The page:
Bringforthism and Your State of Mind… Whatever you Think, you Shall Receive

The next key element of bringforthism has to do with your state of mind. This has to do with the emotional states that are connected to your goal. When you experience a positive state about achieving your goal, and stay focused on the outcome, you are sending a powerful message to your subconscious mind to bringforth the desired goal.  Have you ever noticed that when you are in a good mood and having a great day, people will smile at you more than they usually do? That is because you are sending your RAS a message to be happy, and so your subconscious mind will begin to pay attention to more positive experiences.

In his essay on Compensation, Ralph Waldo Emerson said,  “Whatever you think, you shall receive.”(6)

Your attitude, moods and feelings are energetic attractors for various life experiences. Each one of these elements serves as a driver for your state of mind—and your state of mind serves as a trigger for where you place your conscious attention, and what you choose to focus on. If you are in a bad mood, then you are more likely to place your attention on negative things, which will makes it more difficult to achieve your goal.

Therefore, whatever you are feeling, you will bringforth into your awareness because your outer reality is a reflection of your inner reality. If you stay focused on your goal, then your chances of achieving it will increase significantly, because you are sending a message to your RAS to filter its attention for the desired outcome.

One way to keep your attention on your goal while maintaining a positive state is to monitor your internal dialogue and thoughts. Because of your higher cognitive ability as a human, there is a tendency to be constantly talking to yourself about what is going on in the world outside of you, and how it impacts you. Sometimes, it is really easy to get into a negative space and not even realize it, because your ongoing internal thoughts and dialogue are outside of your conscious awareness. They are operating at a subconscious level, and are controlling the experiences that you bring forth, both positive and negative.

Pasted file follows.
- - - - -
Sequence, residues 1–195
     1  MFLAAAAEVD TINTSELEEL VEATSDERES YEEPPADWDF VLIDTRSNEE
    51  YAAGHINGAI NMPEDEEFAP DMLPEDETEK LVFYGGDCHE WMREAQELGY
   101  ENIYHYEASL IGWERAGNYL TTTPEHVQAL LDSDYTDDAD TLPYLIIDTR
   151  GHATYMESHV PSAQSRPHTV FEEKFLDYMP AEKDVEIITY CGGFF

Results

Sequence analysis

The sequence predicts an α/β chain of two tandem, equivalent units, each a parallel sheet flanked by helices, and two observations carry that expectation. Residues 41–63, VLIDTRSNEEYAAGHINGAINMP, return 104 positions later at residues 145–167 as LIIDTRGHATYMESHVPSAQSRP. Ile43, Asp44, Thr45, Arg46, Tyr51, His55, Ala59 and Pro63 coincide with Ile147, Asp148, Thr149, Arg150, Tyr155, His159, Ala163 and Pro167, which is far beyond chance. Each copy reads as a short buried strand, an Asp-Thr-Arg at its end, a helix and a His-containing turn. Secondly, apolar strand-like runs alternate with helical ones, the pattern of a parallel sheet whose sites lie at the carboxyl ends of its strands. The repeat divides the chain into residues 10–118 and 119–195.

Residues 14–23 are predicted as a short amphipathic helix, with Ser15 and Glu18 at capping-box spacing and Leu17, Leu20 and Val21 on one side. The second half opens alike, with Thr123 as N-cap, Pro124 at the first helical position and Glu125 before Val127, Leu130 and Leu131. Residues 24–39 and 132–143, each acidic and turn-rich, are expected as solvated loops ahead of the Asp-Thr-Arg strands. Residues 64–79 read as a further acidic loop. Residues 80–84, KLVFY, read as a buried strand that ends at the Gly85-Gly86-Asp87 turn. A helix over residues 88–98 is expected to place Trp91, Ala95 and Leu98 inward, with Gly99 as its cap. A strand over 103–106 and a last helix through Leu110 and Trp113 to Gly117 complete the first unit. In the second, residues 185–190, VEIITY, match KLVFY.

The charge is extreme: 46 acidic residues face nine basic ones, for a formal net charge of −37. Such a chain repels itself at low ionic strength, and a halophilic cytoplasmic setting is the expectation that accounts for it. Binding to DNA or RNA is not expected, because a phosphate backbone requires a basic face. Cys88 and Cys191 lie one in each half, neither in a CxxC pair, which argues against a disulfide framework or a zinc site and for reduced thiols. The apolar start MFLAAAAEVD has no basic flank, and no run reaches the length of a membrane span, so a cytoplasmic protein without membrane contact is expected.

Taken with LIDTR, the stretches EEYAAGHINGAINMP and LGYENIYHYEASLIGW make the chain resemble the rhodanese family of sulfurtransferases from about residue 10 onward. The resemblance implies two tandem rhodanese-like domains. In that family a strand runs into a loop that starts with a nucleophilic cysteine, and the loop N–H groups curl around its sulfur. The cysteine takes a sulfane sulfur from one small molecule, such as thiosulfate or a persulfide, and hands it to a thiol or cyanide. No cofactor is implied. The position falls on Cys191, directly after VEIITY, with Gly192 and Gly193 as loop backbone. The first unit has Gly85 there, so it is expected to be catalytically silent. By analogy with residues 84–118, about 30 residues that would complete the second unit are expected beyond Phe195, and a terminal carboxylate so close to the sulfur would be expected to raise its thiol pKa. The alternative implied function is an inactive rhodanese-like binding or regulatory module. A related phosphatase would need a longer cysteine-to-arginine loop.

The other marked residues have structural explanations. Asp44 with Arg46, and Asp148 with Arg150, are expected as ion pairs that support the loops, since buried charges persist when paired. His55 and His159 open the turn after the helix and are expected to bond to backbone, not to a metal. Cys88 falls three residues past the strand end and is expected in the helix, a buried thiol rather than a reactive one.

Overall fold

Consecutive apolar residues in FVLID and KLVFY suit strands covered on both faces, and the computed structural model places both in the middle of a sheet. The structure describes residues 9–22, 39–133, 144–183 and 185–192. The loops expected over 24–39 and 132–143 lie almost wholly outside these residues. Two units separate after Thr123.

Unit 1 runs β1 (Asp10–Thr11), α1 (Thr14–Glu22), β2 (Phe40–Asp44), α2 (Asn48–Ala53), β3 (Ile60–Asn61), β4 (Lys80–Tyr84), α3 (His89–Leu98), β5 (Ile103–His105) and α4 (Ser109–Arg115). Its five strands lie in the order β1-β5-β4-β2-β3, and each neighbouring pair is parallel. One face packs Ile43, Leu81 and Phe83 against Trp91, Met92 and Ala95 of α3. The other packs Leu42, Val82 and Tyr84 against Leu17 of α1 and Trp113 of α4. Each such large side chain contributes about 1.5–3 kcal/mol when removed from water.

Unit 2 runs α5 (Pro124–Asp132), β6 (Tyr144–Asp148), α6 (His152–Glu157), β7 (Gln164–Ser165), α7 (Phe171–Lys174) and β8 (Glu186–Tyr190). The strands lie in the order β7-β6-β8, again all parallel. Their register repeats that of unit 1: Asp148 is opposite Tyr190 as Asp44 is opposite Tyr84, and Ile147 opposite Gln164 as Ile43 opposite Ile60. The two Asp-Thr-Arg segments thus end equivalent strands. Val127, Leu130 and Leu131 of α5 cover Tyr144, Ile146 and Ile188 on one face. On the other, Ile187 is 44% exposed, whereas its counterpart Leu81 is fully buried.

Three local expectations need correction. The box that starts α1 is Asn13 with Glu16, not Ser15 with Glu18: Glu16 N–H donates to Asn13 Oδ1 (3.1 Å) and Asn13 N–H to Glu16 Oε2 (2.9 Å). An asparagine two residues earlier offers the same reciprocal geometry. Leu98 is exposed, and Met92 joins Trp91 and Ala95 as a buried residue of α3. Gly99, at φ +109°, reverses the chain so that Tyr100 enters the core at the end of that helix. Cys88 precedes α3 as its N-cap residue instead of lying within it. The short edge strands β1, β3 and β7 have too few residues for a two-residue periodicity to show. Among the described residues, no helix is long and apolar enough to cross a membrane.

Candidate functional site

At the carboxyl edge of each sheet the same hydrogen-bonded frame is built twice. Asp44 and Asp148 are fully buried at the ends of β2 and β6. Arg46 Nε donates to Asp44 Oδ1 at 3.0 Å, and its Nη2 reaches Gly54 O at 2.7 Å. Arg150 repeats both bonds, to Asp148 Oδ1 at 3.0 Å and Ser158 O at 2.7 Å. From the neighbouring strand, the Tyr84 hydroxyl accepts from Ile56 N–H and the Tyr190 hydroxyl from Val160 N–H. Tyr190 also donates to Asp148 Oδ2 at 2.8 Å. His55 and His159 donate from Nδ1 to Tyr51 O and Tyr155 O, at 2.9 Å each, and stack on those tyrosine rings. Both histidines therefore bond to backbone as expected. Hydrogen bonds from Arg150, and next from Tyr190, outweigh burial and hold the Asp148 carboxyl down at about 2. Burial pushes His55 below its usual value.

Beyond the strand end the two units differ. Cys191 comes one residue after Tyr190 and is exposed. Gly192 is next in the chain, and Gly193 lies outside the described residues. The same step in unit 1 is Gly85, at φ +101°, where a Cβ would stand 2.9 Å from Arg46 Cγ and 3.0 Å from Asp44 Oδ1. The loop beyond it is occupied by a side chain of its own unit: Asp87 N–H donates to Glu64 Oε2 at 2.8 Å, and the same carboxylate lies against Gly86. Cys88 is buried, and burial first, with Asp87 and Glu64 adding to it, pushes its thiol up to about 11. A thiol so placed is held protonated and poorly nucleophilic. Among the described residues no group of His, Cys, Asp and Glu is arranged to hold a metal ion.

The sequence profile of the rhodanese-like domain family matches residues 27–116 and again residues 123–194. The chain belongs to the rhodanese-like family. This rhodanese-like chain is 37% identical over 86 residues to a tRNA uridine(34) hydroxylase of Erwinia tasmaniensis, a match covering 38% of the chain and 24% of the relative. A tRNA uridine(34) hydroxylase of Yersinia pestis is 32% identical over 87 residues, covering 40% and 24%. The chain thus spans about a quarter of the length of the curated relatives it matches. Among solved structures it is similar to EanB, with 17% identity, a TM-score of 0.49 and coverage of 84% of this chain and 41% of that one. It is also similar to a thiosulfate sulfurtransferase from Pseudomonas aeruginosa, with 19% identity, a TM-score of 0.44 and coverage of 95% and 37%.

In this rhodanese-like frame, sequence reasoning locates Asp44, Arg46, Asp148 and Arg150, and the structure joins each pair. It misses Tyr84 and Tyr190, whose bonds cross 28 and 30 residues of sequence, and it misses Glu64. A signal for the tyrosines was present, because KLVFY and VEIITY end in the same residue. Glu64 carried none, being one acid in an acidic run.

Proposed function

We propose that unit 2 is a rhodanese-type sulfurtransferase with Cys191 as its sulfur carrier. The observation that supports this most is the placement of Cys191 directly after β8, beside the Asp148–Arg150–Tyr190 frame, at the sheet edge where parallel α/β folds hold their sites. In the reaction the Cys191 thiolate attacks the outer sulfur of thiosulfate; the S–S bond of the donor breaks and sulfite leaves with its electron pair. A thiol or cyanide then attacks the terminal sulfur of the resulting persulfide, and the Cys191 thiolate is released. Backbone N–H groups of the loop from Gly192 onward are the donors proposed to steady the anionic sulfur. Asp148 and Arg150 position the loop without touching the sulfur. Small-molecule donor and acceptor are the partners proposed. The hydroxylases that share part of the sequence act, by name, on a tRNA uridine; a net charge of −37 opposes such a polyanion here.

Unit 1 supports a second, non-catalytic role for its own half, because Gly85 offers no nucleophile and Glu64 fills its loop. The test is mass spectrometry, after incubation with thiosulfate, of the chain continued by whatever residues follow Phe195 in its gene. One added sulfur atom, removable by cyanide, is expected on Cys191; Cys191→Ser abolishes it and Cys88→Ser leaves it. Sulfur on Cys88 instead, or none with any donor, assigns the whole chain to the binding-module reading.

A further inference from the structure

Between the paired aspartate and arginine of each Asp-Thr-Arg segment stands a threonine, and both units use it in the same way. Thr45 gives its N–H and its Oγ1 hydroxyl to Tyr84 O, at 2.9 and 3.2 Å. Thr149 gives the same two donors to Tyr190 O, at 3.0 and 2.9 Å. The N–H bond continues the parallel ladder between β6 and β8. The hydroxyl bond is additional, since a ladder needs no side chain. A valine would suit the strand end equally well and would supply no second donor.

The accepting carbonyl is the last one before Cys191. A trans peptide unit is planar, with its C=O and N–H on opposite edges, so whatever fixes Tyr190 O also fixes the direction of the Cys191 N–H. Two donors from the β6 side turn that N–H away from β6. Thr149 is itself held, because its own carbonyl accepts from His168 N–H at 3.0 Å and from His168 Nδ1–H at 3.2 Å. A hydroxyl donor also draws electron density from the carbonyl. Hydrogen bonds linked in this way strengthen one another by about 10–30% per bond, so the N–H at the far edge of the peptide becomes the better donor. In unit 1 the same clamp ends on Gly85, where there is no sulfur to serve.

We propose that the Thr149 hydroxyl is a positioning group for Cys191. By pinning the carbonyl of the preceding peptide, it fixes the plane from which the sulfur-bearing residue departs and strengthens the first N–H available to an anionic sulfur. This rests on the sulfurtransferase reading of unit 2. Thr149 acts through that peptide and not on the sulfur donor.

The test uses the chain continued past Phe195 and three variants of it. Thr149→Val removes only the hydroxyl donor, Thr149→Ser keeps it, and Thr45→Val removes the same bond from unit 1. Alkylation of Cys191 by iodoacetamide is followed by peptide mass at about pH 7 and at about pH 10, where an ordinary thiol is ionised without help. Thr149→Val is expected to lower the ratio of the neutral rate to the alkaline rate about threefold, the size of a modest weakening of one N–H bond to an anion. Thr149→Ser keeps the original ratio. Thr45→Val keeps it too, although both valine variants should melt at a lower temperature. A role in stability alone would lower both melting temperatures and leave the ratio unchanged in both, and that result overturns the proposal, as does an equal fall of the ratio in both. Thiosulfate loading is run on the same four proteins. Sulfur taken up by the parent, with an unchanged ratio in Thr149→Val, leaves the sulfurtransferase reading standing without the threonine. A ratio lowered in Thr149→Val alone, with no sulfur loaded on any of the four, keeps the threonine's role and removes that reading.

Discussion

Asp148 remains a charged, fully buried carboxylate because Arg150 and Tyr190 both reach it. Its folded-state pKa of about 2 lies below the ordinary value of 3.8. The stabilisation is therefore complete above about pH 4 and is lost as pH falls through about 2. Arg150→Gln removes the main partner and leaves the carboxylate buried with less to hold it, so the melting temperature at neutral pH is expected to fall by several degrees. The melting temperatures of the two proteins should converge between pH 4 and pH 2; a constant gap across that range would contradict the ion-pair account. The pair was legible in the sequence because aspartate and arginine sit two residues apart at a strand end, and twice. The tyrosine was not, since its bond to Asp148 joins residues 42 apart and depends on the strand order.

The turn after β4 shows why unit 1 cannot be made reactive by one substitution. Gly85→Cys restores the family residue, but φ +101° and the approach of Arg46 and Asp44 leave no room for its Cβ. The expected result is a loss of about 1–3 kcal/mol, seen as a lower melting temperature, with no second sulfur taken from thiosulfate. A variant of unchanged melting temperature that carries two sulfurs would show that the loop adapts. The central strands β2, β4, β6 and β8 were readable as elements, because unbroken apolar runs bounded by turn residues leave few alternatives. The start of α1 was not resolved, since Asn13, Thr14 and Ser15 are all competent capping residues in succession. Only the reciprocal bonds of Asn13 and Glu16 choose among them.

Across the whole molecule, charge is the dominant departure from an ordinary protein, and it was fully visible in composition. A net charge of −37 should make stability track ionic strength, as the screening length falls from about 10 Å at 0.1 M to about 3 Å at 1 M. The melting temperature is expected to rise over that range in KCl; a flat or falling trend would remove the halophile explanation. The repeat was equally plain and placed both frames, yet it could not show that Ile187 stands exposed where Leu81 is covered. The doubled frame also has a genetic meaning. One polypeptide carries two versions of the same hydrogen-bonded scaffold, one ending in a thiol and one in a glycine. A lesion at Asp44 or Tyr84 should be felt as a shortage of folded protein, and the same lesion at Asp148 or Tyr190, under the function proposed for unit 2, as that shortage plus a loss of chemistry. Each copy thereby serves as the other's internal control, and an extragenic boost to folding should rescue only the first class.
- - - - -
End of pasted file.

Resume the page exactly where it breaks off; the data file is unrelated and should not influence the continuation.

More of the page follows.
An easy way to become more conscious of your deeper subconscious thinking is to set your intent to be more consciously aware of your internal experience. You can do this by periodically checking in with yourself through out the day to see how you are feeling emotionally. If you are having a good day, then chances are that you are maintaining a positive state of mind, and keeping your attention and focus on your goals for the day. If you find yourself wondering away from you goal, and having a hard time staying focused on it, then you can ask your subconscious mind the following question,

“What is going on inside of me, and what is stopping me from achieving my goal?”

Interestingly, if you give your subconscious mind a moment to answer, it will tell you exactly what is going on in the form of a picture, a movie, or an internal commentary. You can then begin to communicate with this deeper subconscious part of yourself, and ask,